Page 14 - Horizons 34

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D
riven by potential projects in Arctic regions and projects
in the North Caspian Sea, Technip signed an agreement
with French software firm Cervval, and Bureau Veritas (BV)
in 2012 to develop an ice-modelling simulation program
that can predict ice behaviour in shallow and deep waters.
The aim is for the simulator to predict the flow of ice around both
fixed and floating structures, and to calculate the ice-loadings
on the platforms. This program, unique in the Arctic industry,
uses a multi-agent simulator which can cope with the complexity
of calculating the properties of the ice sheet, and of each
ice fragment that results from contact with the structure,
Offshore goes further in Asia
with
Malikai TLP delivery contract
3D
of the Malikai
TLP platform.
Apache II vessel
in the ice.
I
n 2013 Technip, in a joint
venture with Malaysia Marine
and Heavy Engineering
(MMHE), won a contract
for engineering, procurement
and construction of a tension
leg platform (TLP) for Shell’s TLP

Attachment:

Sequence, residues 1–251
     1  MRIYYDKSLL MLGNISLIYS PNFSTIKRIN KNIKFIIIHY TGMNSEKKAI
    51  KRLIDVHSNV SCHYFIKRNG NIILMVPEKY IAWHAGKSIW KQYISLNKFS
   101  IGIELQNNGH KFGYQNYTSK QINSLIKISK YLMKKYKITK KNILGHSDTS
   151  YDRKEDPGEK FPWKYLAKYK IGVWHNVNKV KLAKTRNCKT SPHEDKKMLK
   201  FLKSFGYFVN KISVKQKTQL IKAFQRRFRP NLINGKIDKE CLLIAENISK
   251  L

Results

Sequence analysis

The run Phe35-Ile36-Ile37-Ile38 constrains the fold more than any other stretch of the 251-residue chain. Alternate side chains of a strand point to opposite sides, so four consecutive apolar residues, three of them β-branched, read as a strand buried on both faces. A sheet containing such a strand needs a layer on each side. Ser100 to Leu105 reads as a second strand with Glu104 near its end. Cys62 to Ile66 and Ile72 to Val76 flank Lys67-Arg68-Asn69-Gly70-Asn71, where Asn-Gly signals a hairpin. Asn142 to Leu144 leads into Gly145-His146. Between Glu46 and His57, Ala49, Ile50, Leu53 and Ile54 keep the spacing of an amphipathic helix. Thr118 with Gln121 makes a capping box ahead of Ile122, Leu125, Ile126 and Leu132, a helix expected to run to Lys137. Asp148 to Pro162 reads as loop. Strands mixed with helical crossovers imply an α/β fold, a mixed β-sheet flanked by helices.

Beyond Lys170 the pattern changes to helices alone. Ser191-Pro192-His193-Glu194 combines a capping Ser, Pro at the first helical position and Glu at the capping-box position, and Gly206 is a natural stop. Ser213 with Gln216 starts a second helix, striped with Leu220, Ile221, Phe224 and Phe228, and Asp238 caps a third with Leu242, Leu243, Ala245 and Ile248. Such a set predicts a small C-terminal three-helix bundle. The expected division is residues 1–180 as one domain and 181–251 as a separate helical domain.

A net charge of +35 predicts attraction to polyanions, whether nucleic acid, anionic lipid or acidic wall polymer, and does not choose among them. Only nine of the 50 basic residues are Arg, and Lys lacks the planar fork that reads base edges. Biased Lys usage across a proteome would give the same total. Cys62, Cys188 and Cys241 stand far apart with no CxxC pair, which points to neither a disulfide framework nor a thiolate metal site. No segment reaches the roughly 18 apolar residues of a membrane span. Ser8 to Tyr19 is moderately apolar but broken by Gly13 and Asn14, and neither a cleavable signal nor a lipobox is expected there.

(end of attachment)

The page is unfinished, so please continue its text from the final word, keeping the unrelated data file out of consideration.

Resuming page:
Malikai Deepwater Project, to be
installed 110 km offshore Sabah,
Malaysia. The contract marks
Technip’s first TLP delivery
contract, and is a new step
to develop the market in the Asia
Pacific Region for deepwater
floating production facilities.
Technip leads the joint venture:
engineering and procurement are
carried out at its operating
center in Kuala Lumpur, Malaysia;
and hull and moorings engineering
are performed by TM (owned
50/50 by Technip/MMHE).
The TLP will be built at MMHE’s
fabrication yard in southern
Malaysia.
“The TLP is completely
designed and fabricated in Asia,”
says Maarten Spilker, Technip
MHB Hull Engineering (TMH),
Managing Director & CEO.
“That we have the whole
EPC package is absolutely key
for efficient communication:
all the interfaces are internal, and
all our capabilities are in-house,”
adds Maarten. About 300 Technip
people are involved in the
project, drawing on competences
with expatriates from Technip
in Finland and in Houston.
Innovating
to face ice conditions
or from collision with other ice rubble particles.
Currently the program can simulate the flow of an ice sheet
as it moves onto an inverted conical structure. This is a type
of platform design that Technip has developed specifically
for projects offshore Kazakhstan. The next stage in the software
development is to consider a straight sloping wall structure,
typical of the Molikpaq 
(1)
platform, which is configured for drilling
and production in Arctic and ice-prone conditions.
(1) Molikpaq means “big wave” in the language of the indigenous Inuit people of Alaska.
Ice flow simulation
around a cone structure.
14 
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horizons
- July 2013 - No. 34
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